You are here
US trade deficit widens in August as exports slow
[WASHINGTON] The yawning US trade deficit rose by nearly US$1 billion in August as weakening foreign demand and the churning trade conflict ate into US exports, the government reported Friday.
Meanwhile, the strong US dollar fueled American imports of consumer items like mobile telephones as well as semiconductors and industrial equipment, according to the Commerce Department data.
As a result, the US trade balance crept 1.6 per cent higher to US$54.9 billion for the month, surpassing economists' expectations.
Imports increased 0.5 per cent, while exports rose 0.2 per cent, rising more slowly than in July.
The deficit is up more than 7 per cent in the first eight months of the year over the same period of 2018.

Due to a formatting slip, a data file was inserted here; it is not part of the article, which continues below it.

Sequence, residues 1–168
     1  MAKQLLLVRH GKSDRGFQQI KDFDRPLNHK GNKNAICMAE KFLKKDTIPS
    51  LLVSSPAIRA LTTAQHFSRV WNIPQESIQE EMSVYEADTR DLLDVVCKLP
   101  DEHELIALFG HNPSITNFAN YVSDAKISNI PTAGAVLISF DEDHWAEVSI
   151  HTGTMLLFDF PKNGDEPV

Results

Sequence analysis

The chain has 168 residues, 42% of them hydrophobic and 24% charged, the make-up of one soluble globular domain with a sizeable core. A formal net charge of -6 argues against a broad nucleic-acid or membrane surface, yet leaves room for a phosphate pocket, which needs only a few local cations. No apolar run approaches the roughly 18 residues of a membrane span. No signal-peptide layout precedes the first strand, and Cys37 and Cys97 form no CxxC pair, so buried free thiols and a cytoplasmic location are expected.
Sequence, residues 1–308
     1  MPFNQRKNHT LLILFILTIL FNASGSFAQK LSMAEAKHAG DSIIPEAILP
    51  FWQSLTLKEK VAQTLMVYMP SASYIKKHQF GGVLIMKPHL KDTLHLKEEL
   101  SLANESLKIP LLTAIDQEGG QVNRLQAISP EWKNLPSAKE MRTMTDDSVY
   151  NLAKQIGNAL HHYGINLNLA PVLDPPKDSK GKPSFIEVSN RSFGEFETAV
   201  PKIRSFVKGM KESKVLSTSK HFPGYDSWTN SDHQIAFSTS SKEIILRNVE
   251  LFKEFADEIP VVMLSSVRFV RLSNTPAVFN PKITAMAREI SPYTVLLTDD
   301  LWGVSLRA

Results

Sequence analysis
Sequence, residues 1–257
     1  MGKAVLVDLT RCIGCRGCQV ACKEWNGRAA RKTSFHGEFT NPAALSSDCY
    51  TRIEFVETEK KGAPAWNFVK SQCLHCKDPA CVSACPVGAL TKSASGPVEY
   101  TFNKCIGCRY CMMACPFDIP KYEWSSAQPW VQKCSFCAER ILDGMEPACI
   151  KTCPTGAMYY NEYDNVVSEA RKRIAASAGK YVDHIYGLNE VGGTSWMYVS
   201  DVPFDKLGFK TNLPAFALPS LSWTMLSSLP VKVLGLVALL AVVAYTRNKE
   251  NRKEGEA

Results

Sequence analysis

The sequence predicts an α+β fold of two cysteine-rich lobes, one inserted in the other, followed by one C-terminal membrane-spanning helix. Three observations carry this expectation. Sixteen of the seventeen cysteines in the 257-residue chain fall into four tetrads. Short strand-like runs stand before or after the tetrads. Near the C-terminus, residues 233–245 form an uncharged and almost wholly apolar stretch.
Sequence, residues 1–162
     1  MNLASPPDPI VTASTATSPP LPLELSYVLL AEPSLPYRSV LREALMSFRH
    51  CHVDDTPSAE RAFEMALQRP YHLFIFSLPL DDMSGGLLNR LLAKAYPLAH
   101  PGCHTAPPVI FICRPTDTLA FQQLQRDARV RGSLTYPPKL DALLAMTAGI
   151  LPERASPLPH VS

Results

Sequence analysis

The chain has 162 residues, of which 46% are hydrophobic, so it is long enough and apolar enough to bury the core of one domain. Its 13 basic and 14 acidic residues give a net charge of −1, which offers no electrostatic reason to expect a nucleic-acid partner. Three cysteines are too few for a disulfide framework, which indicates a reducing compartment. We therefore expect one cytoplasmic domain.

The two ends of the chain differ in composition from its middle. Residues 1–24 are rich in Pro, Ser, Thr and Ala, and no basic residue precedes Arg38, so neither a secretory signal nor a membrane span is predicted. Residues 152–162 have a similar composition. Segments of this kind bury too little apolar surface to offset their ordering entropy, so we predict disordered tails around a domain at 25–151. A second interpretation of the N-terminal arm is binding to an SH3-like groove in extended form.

The unexpected increase in August could weigh on GDP calculations for the third quarter while a global economic slowdown is expected to weaken US exports toward the end of the year.
Boeing's travails continued to weigh on exports, as civilian aircraft sales fell US$1.3 billion.
Demand for services, an area in which the United States typically enjoys a broad surplus, has waned since the summer while services imports are now at their highest on record.
Industrial surveys released this week suggest a steep drop in demand for US exports is likely later in the year, and the punishing duty rates President Donald Trump announced in August should further weigh on trade.
The August figures also showed a deepening decline in goods exchanged with China, Mexico and the European Union.
But the general trend this year of imports from Mexico rising while Chinese imports steadily recede, continued uninterrupted.
So far in 2019, the US goods deficit with Mexico has surged 30.6 per cent but with China it has declined 11.7 per cent with China.